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As We Mark One Year Since the Mass Shooting at Central Visual and Performing Arts High School in St. Louis, Missouri Lawmakers Continue to Endanger Missourian by Advocating for Dangerous Gun Bills

October 23, 2023

This Past Friday U.S. Supreme Court Declined to Intervene in Lower Court’s Ruling Determining Missouri’s Law to Override Federal Gun Law was Unconstitutional; The Policy was Directly Responsible for the CVPA High School Shooting

ST. LOUIS — Tomorrow is the one year mark of the mass shooting at Central Visual and Performing Arts (CVPA) High School in St. Louis. On October 24th, 2022 a former student entered the school and opened fire, shooting and killing two people and shooting and wounding four more. Despite the shooting being a direct result of Missouri’s dangerous gun laws, Missouri state lawmakers have spent the last year doubling down on their ‘guns everywhere’ agenda and continue to push for laws that would make the state less safe. 

“On the year mark of this horrific school shooting our hearts continue to shatter for the families of the victims and the entire CVPA community,” said Sharon Williams, a fellow with the Everytown Survivor Fellow and volunteer with the Missouri chapter of Moms Demand Action. “Our kids should not have to grow up in a world where they have to use their desks as shields instead of stations where they learn. This epidemic of gun violence in schools is uniquely American, and it’s preventable. We need to implement a comprehensive set of proven solutions and focus on preventing guns from being brought into schools.”

“As we mark one year since CVPA High School and CSMB High School were devastated by a preventable shooting, I can’t help but think about the deadly consequences of lawmakers playing politics when it comes to our safety,” said Bella Mashburn, a volunteer with the St. Louis chapter Students Demand Action. Mashburn is a student at Collegiate School of Medicine and Bioscience High School, which shares a building with CVPA. “Missouri’s unconstitutional federal override law kept law enforcement from being able to prevent this shooting. Yet despite being ruled unconstitutional, the state continues to appeal this dangerous bill, and work overtime to weaken St. Louis and law enforcement’s ability to keep us safe. Our generation continues to bear the brunt of gun violence and we will not back down in calling out those who care more about the gun lobby stuffing their pockets than our safety.” 

The shooting at Central Visual and Performing Arts High School was a direct result of Missouri’s gun policy failures and could have been prevented if common sense gun safety measures were in place. Prior to the shooting, the shooter’s family asked law enforcement to remove the firearms from the home that were ultimately used in the shooting. But because Missouri does not have an Extreme Risk law, law enforcement was unable to act and less than two weeks later, the shooter shot and killed two people and multiple others were wounded. Additionally because of Missouri’s dangerous policy that nullifies federal public safety laws in Missouri, known as the Second Amendment Preservation Act, law enforcement believed they were unable to remove firearms from the shooter. When conducting an investigation of the shooter, police learned the grounds for the removal of firearms was based on a federal prohibition not mirrored in Missouri law. Police revealed they felt powerless to act because under Missouri’s Second Amendment Preservation Act, they would be penalized for enforcing or assisting in the enforcement of a federal gun law or even for contacting federal law enforcement partners to report the commision of a federal felony.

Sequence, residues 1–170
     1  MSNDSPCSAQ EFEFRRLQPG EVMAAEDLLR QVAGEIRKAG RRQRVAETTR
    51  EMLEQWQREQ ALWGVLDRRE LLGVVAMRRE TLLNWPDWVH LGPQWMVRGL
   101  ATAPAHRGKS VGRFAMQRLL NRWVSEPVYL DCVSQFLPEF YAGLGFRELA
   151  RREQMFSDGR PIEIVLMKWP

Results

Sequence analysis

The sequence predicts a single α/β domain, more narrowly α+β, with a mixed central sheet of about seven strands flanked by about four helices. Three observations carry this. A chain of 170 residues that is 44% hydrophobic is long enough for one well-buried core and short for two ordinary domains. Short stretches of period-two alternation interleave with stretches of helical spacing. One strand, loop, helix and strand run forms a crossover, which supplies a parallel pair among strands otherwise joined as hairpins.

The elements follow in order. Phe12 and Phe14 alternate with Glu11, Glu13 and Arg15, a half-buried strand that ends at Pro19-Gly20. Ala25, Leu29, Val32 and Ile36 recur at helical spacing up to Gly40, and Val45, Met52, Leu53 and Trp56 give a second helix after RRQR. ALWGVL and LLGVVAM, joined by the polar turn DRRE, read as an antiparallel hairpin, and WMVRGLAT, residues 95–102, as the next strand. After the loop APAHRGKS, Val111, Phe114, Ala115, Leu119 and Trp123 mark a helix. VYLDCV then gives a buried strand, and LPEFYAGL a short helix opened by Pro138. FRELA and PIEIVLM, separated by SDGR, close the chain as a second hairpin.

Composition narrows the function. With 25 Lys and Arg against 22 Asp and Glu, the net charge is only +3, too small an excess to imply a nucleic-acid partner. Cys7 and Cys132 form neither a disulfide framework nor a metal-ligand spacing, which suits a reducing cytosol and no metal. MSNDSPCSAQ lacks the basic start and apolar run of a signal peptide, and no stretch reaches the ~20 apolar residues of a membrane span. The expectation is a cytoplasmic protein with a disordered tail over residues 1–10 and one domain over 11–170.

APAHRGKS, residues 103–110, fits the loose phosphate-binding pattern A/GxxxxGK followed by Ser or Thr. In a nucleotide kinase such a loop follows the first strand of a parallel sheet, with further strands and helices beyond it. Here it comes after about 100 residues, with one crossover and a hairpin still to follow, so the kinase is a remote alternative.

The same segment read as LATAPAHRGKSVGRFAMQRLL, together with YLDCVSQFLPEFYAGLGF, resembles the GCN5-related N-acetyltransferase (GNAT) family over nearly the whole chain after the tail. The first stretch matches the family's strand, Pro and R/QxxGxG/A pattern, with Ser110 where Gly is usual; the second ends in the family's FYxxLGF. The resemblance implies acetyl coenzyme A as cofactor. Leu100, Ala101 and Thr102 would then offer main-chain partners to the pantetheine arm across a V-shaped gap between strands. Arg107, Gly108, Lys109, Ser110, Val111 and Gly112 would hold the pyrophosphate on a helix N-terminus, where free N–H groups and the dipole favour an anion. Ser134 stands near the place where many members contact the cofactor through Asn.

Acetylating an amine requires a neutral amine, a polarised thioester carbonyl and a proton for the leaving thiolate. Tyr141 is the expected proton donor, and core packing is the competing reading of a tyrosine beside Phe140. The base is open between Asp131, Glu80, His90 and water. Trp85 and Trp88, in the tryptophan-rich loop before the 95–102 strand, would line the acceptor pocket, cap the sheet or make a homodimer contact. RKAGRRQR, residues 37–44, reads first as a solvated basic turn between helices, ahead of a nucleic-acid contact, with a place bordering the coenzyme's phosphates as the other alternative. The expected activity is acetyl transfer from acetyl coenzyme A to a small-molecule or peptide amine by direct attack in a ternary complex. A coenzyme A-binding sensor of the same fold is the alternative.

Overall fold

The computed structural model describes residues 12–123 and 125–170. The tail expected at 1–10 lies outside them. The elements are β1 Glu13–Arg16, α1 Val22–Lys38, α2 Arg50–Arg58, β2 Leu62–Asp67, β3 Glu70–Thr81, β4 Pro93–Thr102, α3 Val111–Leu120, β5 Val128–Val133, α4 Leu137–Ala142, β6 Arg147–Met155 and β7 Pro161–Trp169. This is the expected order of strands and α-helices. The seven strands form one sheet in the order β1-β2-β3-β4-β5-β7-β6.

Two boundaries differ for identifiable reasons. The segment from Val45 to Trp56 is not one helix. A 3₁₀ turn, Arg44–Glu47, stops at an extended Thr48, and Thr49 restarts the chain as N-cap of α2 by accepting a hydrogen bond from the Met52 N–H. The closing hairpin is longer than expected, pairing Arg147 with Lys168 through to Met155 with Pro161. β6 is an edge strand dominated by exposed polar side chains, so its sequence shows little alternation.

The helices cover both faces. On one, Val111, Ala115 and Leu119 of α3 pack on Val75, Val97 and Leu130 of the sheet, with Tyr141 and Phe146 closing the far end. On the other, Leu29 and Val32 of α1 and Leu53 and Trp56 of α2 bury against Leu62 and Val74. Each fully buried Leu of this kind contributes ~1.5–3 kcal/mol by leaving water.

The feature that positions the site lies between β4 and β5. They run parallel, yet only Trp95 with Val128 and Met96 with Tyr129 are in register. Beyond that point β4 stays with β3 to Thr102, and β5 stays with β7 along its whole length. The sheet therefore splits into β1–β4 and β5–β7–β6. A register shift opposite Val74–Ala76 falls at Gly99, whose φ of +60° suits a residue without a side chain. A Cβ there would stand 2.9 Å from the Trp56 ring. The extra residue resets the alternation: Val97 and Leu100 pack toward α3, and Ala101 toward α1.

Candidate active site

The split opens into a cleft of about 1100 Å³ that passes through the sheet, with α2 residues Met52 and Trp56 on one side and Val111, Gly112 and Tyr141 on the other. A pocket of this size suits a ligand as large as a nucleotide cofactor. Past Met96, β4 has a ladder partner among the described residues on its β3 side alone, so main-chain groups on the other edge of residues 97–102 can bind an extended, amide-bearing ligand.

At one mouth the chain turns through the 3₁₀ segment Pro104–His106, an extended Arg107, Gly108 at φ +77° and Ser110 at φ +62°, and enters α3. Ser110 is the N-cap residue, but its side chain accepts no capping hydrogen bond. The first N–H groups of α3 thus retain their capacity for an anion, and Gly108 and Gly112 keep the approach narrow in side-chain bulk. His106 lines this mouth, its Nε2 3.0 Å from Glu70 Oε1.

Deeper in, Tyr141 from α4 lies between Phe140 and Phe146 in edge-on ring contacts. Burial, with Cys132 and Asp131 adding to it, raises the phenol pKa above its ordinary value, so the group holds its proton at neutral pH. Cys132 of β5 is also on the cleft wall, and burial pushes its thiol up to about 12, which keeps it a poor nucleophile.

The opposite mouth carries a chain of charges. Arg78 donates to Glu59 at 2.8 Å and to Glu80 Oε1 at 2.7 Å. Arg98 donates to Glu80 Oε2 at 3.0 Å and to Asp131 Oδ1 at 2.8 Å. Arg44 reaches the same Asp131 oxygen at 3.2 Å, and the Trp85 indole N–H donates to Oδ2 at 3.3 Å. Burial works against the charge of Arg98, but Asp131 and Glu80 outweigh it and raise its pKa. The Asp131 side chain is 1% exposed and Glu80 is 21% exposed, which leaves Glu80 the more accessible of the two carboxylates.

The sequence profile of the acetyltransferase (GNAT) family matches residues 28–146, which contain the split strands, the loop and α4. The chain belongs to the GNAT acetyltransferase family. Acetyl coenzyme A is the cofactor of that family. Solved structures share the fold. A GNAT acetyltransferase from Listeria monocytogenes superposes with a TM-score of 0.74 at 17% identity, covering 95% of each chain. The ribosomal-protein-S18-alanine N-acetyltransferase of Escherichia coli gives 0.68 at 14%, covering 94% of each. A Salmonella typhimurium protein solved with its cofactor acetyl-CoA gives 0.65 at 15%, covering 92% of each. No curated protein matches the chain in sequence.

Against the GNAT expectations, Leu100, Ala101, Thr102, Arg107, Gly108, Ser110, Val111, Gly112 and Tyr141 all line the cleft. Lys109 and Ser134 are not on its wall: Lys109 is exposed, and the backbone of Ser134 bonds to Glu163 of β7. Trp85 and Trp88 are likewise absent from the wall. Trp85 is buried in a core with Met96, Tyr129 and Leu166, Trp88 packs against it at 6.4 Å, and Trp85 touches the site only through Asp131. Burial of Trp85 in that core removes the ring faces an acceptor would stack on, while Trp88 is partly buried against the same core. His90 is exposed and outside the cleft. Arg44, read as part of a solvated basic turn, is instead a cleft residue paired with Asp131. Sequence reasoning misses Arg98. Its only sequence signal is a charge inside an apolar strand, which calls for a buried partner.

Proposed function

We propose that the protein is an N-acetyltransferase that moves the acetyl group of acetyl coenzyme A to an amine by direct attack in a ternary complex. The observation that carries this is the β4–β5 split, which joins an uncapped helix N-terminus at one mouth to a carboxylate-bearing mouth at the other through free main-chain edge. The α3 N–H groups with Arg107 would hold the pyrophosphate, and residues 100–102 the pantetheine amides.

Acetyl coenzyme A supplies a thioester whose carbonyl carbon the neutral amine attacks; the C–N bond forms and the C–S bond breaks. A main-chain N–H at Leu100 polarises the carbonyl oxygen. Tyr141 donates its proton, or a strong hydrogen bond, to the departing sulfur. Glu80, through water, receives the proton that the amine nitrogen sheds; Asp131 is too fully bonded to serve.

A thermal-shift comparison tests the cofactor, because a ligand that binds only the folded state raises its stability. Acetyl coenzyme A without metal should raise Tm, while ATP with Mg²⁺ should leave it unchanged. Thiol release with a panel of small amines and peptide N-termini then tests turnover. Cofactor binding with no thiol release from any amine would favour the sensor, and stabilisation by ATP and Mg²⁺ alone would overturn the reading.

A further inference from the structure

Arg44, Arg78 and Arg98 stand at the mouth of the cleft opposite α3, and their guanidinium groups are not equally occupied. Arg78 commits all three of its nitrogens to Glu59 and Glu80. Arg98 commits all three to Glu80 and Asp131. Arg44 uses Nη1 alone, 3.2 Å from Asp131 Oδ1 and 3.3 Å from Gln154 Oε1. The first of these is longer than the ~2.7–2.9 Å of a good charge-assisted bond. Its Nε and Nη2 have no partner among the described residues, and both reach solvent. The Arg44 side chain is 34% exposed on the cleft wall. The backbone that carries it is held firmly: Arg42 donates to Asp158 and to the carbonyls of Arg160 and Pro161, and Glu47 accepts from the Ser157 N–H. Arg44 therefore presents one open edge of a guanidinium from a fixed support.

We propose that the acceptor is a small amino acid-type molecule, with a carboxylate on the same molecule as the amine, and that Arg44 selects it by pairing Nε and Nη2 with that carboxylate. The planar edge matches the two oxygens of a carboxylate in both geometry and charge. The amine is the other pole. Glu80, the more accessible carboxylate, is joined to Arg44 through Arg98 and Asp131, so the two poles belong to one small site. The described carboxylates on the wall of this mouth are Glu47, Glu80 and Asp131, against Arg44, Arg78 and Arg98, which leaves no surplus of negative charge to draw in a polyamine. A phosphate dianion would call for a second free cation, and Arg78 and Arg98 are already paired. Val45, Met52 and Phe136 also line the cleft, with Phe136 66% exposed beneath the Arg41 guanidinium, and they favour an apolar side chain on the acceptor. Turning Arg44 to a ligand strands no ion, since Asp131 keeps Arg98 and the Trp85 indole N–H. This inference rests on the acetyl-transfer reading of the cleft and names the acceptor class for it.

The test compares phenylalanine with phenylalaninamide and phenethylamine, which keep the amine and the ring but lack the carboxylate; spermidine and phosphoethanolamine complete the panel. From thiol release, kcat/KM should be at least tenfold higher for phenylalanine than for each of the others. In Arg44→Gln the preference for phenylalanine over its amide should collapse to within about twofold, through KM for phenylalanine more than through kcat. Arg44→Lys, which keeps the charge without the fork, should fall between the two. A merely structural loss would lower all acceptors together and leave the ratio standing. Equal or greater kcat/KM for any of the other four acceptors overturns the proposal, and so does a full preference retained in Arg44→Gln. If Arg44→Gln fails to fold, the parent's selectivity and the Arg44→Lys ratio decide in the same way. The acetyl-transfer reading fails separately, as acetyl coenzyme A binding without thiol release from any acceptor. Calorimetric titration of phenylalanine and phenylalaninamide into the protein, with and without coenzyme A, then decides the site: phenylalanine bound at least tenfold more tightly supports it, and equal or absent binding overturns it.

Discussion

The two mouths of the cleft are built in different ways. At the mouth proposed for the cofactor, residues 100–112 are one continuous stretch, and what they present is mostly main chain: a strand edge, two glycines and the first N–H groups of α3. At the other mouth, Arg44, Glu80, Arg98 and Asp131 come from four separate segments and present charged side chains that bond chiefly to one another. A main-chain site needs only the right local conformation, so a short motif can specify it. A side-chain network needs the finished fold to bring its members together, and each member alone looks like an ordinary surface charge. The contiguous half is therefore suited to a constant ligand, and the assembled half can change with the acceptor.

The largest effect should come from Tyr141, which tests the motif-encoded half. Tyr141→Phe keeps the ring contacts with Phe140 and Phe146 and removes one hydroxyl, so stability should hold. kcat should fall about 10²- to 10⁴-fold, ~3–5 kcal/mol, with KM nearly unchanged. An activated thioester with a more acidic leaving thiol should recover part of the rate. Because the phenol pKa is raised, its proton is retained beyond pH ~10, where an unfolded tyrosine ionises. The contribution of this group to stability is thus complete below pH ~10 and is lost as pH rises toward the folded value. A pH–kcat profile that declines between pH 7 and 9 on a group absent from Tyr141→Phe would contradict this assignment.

This policy, which undermines law enforcement’s ability to keep Missouri safe, threatening law enforcement with fines and sanctions, was ruled unconstitutional in March. Missouri lawmakers appealed the ruling determining the law is unconstitutional, but the U.S. Supreme Court just announced it has declined to intervene in the lower court ruling

Missouri has some of the weakest gun laws in the country, resulting in the seventh highest rate of gun deaths in the U.S. and despite Missouri’s policy failures resulting in lives lost, Missouri lawmakers have doubled down on their “guns everywhere” agenda. This legislative session Missouri lawmakers unsuccessfully introduced multiple pieces of legislation to expand Shoot First laws, and legislation to expand the state’s nullification law.  Lawmakers also attempted to take additional measures to strip away the few remaining gun safety protections in the state, attempting to pass House Bill 282, legislation forcing guns into places of worship and other sensitive locations like public transportations. 

Missouri has made it nearly impossible for its cities to combat gun violence. The state already controls law enforcement in Kansas City. Missouri state lawmakers attempted and luckily failed at passing similar controls of St. Louis this session. Gun safety champions Mayor Quinton Lucas in Kansas City and Mayor Tishaura Jones in St. Louis continue to push back at the state, and operate in their capacity to protect their cities. 

More information about gun violence in Missouri is available here.

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